x Abu Dhabi, UAE Thursday 20 July 2017

Families call for an end to rubbish piles

Partygoers are leaving the streets of Dubai strewn with litter but it is residents who have to deal with the mess.

A pile of rubbish left on a pavement in the Al Muteena area of Deira, Dubai.
A pile of rubbish left on a pavement in the Al Muteena area of Deira, Dubai.

DUBAI // Partygoers are leaving the streets of Dubai strewn with litter but it is local residents who wake up next morning with the headache of having to face the mess. Families in Deira, an area flooded with cafeterias, hotels, restaurants and clubs, complain their litter bins are overflowing and rubbish is piling up on pavements as street cleaners fail to cope.

Beverage cans, bottles, tissue papers and other waste litter the streets each morning, they say. The blame is placed on people who visit the area for a night out. "Every Friday morning we see roads that are littered with all kinds of waste after the night's party," said Samir Basheer, a Deira resident. "Many also throw everything on street corners and outside garbage bins that are already spilling over."

Rubbish is also seen on weekdays outside the area's cafeterias and restaurants, and families are now anxious it could pose a health hazard. Areas such as Al Muteena, Naif, Hor Al Anz and Al Rigga are the worst affected. These areas have a high density of food outlets close to homes and apartments. "The dirtiness and stench from these places are now a serious problem for all families living here," said Sabu Cherian, a resident of Al Muteena.

"I think cafeterias and restaurant owners just dump the waste outside garbage bins without thinking of disposing of it properly for the sake of nearby residents." Restaurant and cafeteria owners claim there are simply not enough rubbish bins. "It is a struggle each night to find an empty bin to dump the garbage," said a restaurant worker. "The number of people living here is increasing and everyone is dumping in these garbage bins. So, often we have no choice but to throw the garbage outside."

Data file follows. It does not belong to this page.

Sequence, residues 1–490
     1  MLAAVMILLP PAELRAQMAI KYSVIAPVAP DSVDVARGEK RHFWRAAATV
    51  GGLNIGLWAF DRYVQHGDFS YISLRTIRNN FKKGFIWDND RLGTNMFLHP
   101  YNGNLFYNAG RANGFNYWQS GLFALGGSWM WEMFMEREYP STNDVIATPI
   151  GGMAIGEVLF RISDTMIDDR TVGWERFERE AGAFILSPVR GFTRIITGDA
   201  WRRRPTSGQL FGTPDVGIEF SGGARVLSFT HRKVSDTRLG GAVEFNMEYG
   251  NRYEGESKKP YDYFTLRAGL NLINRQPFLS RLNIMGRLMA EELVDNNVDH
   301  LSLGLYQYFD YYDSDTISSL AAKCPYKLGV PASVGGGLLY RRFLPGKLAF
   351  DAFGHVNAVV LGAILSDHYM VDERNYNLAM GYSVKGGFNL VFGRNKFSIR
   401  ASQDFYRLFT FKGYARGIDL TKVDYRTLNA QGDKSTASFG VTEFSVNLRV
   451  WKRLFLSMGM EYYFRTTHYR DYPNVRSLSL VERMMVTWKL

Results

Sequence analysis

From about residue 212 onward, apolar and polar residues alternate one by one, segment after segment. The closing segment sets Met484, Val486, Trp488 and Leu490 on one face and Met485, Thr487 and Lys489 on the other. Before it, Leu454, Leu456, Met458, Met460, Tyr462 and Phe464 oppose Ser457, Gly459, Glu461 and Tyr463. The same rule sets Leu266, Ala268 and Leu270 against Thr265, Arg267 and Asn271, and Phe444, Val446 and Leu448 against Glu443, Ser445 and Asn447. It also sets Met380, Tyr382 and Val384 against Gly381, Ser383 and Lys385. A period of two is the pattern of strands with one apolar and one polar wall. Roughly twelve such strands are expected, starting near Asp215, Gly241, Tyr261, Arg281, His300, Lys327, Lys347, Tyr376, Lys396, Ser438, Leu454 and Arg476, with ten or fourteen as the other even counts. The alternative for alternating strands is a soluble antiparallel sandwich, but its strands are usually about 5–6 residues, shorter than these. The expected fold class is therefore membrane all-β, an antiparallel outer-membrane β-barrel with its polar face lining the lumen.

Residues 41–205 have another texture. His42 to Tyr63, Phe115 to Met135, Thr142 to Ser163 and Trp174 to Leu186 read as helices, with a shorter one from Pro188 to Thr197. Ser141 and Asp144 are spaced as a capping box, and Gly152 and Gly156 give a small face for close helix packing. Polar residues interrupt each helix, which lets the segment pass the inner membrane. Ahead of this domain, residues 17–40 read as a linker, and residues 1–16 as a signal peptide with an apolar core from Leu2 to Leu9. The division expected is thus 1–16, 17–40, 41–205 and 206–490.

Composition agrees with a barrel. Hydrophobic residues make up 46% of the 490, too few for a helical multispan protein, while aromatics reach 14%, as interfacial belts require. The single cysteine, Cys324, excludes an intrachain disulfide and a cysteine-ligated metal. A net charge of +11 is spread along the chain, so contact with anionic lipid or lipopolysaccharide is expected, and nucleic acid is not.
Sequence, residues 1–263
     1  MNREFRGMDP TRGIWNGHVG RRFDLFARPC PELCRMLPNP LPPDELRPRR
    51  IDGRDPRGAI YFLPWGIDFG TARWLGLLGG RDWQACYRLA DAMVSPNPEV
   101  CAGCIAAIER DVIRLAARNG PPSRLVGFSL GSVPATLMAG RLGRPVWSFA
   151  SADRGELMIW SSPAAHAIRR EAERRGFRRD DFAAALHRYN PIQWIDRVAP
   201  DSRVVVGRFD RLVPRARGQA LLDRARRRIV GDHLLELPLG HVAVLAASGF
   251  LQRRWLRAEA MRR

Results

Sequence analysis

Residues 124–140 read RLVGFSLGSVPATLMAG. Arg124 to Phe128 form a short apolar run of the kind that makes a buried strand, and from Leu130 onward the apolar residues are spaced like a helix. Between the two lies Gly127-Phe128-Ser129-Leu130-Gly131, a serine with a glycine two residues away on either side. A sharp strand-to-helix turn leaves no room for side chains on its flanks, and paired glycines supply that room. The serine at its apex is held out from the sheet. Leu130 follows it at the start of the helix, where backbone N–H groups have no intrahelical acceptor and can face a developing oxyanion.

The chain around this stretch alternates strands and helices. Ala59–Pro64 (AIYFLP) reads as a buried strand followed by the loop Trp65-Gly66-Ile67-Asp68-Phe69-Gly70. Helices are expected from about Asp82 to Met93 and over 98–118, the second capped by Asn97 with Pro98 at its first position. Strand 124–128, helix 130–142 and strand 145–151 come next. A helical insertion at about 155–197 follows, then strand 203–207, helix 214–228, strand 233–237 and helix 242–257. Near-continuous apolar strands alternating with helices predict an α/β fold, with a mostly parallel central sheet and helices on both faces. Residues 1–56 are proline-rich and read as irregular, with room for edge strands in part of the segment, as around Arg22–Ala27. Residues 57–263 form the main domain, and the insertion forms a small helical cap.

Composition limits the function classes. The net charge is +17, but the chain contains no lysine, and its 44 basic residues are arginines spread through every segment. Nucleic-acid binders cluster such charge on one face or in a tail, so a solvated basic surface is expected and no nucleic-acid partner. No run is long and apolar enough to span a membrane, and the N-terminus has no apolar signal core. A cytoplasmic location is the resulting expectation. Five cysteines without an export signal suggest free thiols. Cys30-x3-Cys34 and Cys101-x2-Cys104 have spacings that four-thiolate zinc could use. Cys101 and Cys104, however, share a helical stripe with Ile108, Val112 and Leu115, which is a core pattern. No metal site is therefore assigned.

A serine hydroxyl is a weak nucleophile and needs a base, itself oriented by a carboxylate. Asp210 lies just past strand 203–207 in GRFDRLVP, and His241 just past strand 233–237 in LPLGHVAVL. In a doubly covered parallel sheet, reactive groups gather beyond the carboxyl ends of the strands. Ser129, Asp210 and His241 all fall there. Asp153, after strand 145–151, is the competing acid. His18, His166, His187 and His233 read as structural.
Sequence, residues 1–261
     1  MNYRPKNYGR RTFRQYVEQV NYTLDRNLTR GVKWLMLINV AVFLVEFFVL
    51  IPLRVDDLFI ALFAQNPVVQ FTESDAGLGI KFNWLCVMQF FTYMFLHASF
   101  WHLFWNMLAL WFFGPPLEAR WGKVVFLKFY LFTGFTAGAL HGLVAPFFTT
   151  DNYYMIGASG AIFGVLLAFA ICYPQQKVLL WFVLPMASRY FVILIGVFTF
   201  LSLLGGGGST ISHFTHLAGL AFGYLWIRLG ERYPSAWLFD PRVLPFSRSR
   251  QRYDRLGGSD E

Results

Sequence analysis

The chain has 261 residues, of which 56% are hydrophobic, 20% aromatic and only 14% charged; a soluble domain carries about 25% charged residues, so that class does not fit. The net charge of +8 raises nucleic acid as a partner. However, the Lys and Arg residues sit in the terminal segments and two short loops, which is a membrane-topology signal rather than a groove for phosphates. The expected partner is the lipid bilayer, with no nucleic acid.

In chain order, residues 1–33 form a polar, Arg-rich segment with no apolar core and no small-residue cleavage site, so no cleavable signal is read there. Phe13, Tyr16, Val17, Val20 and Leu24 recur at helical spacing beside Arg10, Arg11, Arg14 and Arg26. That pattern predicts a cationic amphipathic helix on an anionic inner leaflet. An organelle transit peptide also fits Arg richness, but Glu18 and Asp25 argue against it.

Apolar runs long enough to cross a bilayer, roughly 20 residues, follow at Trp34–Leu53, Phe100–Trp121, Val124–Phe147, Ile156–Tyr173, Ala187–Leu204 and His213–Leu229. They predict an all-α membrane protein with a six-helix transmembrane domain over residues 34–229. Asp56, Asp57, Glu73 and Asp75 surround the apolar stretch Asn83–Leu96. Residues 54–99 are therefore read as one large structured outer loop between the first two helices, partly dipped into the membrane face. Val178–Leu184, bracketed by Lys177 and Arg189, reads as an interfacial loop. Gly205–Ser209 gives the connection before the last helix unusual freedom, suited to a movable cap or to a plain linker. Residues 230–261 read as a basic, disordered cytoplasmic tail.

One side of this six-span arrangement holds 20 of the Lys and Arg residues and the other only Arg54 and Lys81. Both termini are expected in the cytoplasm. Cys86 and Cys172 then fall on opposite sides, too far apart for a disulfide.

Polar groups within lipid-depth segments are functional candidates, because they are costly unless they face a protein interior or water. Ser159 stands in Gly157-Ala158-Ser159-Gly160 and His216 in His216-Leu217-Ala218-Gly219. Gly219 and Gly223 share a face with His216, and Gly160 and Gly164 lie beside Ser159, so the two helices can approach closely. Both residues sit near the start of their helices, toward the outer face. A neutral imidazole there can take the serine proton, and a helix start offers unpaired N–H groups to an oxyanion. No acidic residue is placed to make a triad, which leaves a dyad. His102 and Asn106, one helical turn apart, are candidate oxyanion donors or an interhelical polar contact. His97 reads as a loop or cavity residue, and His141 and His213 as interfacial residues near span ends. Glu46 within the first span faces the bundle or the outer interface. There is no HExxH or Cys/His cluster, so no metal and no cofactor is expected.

Dubai Municipality statistics show it has more than 20,000 rubbish bins across the city. Officials from the waste management section said they were aware of the problem but added that restaurants and hotels had already been provided separate rubbish containers. "We conduct regular inspections and establishments that do not dispose of their waste appropriately face the risk of cancellation of their trade licence," said an official. He added that the municipality was also offering cafeterias a service to collect their waste. "Our garbage collection trucks collect rubbish from such cafeterias so that waste disposal is done properly," he said.

Naif has recently been the focus of a campaign by the municipality to curb the growing problem of litter, especially in crowded areas of the city. The month-long campaign, called Say Yes to a Clean Naif, is intended to alert the public to the health risks caused by rotting rubbish. It is also targeting spitting in the street. The municipality is to extend the initiative to all parts of Deira. "We will address the issue of littering, especially in hotels, cafes and restaurants," said the official. The awareness campaign, which includes street shows and other activities, will continue until Nov 13.

"We hope the campaign will succeed in reducing the littering. Afterwards we will think of what other steps could be taken to stop this phenomena," said the official. @Email:pmenon@thenational.ae